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I am slowly but surely taking over more and more of the daily tasks of living for my 88 yr. old mother who suffers from degenerative spine disease, and macular degeneration. She still maintains her own personal care, but I do most of the cleaning, cooking, pet care, all transportation, and will soon take over paying the bills as she is losing her sight. She often says "I am useless, I take up all of your time." I assure her she is not, and that I value her friendship and companionship, and I have time as I am retired, have only a cat at home to take care of. Her mind is sharp as a tack, in fact her memory is better than mine and I am only 63, but her body is failing on her. Has anyone had similar experience and how did you handle it?

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Since Mom is bright and mentally able, why not see if some adaptive technology can help? A lot of times people don't think about it, because without the mental abilities learning the new skills to cope with low vision will not be practical, but for some tasks, like bill-paying, there are magnification technologies and computer-based screen-reading technologies that would make it possible. Most states have an assistve technology initiative ongoing, and there are home- and center-based low vision education and traning programs that can be considered. Some, such as books on tape, are low cost or even free, and can really enhance quality of life a great deal.
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BestHomeCareMN allows a person with special needs stay in their home and home care services available to help you maintain your independence within the comfort of your own home.
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Use humor. There's that thing from Shakespeare on the ages of man. I just Googled it. It's "As You Like It" and starts "All the world's a stage."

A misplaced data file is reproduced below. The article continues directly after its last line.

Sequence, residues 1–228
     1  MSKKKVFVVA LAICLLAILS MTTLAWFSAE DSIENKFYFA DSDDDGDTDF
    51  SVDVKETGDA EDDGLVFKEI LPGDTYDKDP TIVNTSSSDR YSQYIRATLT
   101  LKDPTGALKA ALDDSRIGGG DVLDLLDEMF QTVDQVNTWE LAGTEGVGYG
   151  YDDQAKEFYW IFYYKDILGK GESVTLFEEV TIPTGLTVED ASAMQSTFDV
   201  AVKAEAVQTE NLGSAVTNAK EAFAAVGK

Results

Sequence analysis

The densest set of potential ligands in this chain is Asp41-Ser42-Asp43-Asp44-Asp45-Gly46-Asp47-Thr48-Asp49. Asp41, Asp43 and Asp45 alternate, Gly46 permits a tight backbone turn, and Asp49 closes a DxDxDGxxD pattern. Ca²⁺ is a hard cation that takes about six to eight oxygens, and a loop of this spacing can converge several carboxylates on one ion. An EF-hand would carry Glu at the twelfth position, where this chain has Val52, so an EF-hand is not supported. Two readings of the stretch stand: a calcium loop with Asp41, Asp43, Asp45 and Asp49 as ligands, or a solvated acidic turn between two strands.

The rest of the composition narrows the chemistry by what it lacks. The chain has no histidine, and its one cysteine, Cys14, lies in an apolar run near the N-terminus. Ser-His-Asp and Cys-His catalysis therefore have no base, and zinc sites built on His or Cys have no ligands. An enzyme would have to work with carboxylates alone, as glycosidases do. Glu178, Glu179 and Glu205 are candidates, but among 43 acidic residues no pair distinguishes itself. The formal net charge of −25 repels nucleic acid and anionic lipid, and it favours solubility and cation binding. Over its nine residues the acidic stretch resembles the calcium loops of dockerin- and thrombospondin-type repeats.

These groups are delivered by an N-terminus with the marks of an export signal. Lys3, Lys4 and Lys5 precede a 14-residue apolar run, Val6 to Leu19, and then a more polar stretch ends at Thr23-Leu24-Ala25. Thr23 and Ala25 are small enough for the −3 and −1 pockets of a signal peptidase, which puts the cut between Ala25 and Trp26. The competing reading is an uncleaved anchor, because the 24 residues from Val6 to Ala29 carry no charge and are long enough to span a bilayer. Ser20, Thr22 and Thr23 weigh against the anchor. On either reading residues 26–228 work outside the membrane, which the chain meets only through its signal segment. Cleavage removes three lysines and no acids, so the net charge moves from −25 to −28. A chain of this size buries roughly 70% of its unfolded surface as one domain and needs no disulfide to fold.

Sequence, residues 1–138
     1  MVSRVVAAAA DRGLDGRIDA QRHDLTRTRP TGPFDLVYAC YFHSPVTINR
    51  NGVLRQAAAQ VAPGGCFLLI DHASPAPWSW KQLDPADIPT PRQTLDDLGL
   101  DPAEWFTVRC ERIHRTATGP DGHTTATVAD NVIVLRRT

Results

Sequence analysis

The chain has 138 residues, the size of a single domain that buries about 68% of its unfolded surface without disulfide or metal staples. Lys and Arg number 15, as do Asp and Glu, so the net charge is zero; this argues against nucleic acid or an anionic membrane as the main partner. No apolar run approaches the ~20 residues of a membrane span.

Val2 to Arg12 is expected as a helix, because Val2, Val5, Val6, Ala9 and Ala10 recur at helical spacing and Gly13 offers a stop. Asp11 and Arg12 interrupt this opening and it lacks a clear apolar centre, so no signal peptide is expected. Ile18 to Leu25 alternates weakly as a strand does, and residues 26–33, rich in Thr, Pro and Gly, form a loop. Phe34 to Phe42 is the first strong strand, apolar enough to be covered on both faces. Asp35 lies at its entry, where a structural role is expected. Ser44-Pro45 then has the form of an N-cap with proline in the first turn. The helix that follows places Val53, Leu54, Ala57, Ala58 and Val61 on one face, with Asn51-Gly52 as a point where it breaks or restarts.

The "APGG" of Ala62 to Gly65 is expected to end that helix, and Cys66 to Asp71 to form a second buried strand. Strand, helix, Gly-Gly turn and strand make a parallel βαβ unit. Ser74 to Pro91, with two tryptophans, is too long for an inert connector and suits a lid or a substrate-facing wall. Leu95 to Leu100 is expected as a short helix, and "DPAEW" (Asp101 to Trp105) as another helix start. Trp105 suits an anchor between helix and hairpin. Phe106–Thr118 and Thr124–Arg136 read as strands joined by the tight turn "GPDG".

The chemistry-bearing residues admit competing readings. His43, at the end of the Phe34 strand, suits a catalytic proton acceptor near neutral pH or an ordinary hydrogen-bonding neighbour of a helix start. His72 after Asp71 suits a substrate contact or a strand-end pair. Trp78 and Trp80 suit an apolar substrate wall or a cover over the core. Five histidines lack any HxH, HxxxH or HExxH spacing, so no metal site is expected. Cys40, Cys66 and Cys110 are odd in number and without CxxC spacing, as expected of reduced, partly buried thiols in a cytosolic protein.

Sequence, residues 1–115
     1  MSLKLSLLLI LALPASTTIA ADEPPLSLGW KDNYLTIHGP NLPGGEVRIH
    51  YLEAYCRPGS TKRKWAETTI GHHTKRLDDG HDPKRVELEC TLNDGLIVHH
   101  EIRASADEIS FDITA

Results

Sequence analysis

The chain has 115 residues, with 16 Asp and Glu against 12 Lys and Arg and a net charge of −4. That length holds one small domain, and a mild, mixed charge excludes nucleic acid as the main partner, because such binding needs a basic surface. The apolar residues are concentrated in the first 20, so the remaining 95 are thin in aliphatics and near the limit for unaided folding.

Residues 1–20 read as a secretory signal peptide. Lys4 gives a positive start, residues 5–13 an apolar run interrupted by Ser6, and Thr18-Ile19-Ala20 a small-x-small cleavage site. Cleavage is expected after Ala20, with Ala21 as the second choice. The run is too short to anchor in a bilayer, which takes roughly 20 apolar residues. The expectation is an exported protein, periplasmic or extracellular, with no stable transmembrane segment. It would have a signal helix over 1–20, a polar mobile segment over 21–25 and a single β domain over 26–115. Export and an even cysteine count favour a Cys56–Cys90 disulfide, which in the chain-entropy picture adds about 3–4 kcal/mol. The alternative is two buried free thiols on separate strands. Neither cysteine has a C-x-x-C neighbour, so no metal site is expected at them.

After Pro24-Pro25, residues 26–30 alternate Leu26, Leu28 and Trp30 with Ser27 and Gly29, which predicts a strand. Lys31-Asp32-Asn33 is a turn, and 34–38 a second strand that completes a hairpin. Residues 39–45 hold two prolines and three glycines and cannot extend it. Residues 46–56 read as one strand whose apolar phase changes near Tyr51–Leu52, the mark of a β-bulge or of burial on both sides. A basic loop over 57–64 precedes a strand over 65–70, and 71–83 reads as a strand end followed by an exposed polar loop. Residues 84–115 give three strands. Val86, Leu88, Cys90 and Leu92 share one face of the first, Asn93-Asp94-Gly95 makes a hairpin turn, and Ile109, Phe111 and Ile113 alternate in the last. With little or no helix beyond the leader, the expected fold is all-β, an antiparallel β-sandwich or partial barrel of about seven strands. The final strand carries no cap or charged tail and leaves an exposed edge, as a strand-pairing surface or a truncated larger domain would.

The song from the Lion King, "The Circle of Life." "September Song." Remind her of how "useful" you were when she was changing your diapers. Tell her you need to care for her to atone for your wild life of sin. Tell her HER suffering is needed to atone for her wild life of sin.

Don't be afraid to agree with her that it sucks to get old and lose your abilities. Bette Davis said, "Old age ain't for sissies." Tell her to stop whining, if she would take it the right way. You need lots of different tools, but she's lucky to have you.
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The elderly can get cranky at times, well we all can get cranky at times but as the lose more and more of their independence it can get overwhelming. You are very lucky at her age that she still is sharp as a tack because your job would be very much harder. I'm not saying that your job isn't hard because it is, not knowing what tomorrow will bring has to be the hardest. I think you are going about things the right way by reassuring her that she is not a burden and that you value her, these things are key to successfully be a caregiver. So keep up the good work wishing you and your mother the best.
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It is not easy, especially if they still live independently miles away from you. I am in that situation with my mother. I tried to encourage her to make as many choices for herself as she can and tried to help her when I can. My mother does not want to move closer to me so I have had to tell her I can't keep traveling one hour each way when she needs this or that. She has had to learn to prioritize her needs in regards to my help. Eventually there will come a time when living independently is not an option and she will need to make a choice about in home care or assisted living. Hopefully I will never have to choose for her.